Reinforcement of cement composites with fibers is a proven technique to enhance toughness, ductility, and tensile strength . The incorporation of fibers detains the progression of cracks . Fiber-reinforced cement composites are mostly used as a shotcreting material in the repair and rehabilitation of concrete structures. Among various fibers, the polypropylene (PP) fiber, due to its low cost, is a popular material in the construction industry. Several researchers studied the performance of cement composites reinforced with PP fibers [22–26]. The results of the study conducted by Karahan and Atis  demonstrate that the inclusion of PP fibers caused a reduction in workability and drying shrinkage and increased freeze-thaw resistance and compressive strength. Also, water absorption, porosity, and sorptivity coefficient values amplified as the fiber content increased. In order to combat with the negative effects of fibers, supplementary cementitious materials are used, which densify the microstructure of mortars. Gutierrez et al.  studied the influence of pozzolans, i.e., silica fume, fly ash, and metakaolin, on the performance of fiber-reinforced mortars. The results of their study demonstrate that the addition of fibers resulted in a decline in compressive strength and increased capillarity absorption and chloride penetration. However, the addition of pozzolanic materials significantly compensated for these losses. It means that the utilization of fibers along with pozzolanic materials has a beneficial impact on the overall performance of cement composites.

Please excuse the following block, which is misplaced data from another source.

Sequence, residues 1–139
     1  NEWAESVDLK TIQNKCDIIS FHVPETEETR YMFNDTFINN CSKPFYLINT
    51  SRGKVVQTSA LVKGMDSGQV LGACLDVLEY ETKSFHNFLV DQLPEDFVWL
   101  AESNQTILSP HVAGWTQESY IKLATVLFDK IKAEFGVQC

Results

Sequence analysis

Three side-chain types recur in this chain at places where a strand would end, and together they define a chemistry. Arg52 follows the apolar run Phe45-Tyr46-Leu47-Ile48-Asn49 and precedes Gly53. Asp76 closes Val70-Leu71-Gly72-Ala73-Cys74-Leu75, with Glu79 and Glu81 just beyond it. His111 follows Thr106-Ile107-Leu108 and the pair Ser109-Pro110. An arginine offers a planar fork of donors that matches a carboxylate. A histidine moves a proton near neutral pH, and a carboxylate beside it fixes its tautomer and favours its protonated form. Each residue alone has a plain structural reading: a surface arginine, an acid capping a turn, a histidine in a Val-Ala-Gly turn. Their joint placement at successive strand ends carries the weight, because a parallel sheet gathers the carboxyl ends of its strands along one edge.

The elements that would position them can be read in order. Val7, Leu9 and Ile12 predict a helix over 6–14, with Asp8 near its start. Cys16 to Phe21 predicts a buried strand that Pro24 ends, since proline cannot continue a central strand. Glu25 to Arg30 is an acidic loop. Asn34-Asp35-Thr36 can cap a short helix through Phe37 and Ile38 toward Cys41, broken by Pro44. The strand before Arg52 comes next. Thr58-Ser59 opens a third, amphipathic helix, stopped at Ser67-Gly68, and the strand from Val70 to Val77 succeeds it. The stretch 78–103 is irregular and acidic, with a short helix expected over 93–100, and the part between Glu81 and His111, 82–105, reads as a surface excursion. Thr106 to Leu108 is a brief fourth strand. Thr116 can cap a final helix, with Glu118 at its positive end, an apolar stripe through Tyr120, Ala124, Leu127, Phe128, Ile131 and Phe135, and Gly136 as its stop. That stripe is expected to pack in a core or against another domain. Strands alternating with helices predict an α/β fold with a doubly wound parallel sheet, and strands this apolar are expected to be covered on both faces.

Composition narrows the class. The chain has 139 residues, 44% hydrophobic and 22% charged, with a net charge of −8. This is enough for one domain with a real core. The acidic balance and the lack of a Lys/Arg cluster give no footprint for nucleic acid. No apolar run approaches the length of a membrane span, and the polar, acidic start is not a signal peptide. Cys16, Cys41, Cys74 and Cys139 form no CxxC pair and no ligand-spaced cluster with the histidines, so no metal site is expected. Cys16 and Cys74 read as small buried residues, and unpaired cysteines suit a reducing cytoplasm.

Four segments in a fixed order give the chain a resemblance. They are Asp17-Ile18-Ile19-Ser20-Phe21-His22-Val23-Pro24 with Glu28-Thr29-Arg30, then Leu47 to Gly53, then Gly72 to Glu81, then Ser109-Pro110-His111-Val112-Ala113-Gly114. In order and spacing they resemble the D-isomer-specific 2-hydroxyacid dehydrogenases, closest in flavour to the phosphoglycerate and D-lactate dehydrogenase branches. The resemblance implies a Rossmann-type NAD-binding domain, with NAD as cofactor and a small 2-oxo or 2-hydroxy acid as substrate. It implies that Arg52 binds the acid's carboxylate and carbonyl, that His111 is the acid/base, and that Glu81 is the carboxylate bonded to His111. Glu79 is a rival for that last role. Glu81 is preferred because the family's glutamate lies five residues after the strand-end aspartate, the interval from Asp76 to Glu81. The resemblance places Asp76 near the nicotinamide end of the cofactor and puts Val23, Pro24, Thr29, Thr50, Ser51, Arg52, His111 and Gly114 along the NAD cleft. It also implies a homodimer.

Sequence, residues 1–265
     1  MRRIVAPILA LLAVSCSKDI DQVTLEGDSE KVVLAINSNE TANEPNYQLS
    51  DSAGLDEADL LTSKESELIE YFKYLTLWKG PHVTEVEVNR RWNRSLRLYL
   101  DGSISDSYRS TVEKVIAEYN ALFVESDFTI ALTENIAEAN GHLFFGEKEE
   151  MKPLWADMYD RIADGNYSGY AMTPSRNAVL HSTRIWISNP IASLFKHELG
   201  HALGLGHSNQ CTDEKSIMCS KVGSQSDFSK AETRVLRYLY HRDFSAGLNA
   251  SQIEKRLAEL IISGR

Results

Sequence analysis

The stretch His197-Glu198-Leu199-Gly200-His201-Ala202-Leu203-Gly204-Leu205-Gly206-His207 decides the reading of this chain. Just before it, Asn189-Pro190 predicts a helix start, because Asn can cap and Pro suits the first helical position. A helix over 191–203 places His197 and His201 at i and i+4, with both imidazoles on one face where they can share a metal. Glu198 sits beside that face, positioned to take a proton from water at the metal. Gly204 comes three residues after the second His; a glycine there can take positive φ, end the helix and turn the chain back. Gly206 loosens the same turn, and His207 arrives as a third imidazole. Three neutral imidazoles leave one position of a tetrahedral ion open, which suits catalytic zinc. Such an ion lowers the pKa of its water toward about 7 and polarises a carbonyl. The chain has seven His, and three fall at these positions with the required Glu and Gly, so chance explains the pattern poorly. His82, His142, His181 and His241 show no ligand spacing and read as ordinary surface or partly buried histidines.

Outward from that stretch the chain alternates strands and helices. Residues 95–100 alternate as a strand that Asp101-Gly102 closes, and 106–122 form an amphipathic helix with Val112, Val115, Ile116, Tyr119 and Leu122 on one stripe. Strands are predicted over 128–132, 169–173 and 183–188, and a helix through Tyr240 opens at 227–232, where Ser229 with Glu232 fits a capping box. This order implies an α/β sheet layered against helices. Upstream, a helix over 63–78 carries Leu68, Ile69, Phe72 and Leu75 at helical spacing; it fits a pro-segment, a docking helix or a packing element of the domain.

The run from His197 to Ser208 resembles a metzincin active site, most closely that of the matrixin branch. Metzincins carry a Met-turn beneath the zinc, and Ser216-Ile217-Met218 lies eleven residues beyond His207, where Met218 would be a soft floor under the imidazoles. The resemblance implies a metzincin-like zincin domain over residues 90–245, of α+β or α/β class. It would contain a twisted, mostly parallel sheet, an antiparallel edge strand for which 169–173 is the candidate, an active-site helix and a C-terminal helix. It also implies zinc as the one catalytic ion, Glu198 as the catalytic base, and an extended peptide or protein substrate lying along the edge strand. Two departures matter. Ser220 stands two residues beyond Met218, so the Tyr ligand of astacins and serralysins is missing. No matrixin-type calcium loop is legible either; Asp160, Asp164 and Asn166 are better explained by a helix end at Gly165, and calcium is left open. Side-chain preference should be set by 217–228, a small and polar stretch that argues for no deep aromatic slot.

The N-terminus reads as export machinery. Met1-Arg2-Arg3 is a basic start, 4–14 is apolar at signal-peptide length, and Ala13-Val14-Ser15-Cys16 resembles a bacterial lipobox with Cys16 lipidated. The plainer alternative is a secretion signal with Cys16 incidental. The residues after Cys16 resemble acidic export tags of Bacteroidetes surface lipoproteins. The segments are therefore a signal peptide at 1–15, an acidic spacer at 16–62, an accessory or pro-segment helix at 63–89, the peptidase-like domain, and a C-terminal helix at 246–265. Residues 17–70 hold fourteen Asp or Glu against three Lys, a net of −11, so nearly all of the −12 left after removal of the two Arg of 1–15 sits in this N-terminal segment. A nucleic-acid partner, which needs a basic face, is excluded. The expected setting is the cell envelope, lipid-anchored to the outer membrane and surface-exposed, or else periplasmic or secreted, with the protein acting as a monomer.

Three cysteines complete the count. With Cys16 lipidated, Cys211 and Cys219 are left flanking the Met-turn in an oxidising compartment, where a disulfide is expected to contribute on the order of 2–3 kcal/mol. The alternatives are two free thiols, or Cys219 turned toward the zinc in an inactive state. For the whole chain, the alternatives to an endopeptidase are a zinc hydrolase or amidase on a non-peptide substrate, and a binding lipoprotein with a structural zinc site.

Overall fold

An area that has not been thoroughly investigated is the effect of WSA on the properties of polypropylene fiber-reinforced cement mortars. Therefore, it is imperative to examine the performance of WSA-blended fiber-reinforced cement composites. We have used WSA as a cement replacement material. The hydration characteristics of WSA particles of various sizes have been examined thoroughly by the authors in their previous work . The results of that study demonstrate that the mixes with 20% WSA ground for at least 60 minutes presented an enhanced pozzolanic efficiency. Therefore, in this study, we used WSA at a replacement level of 20% by weight of the binder. In addition, PP fibers were incorporated at a dosage of 0.5%, 1%, and 2% by weight of cement. The effect of WSA and PP fibers was investigated by measuring compressive, flexure, and indirect tensile strengths, ultrasonic pulse velocity tests, carbonation resistance, and chloride penetration resistance.
2. Experimental Design
We used ordinary Portland cement (OPC) conforming to ASTM C150 . Wheat straw (chopped) was collected from a local agriculturist in the Tehsil Khaliqabad (Balochistan Province) of Pakistan. Straw was burnt in an open land at the first stage to reduce the volume of ash. The ash obtained was incinerated at a temperature of 670°C for 5 hours in a laboratory-scale oven . Later on, the ash was subjected to sudden cooling in order to obtain a higher pozzolanic material . Then, ash was subsequently processed in a combination of the milling process (ball mill: 60 minutes and disintegrator mill: 3 cycles, each 5 minutes) to reduce its particle size. Chemical and physical properties of WSA (Figure 1) and OPC are summarized in Table 1. The particle-size distribution curve (measured with a particle size analyzer, Malvern Mastersizer 2000) and X-ray diffraction of WSA particles are shown in Figures 2 and 3, respectively. Natural sand was used as a fine aggregate. PP fibers (Figure 4) with a density of 0.92 g/cm3 was used for this study. A polycarboxylate-based superplasticizer was used to adjust the mortar flow.
2.2. Fabrication of Specimens and Testing Methods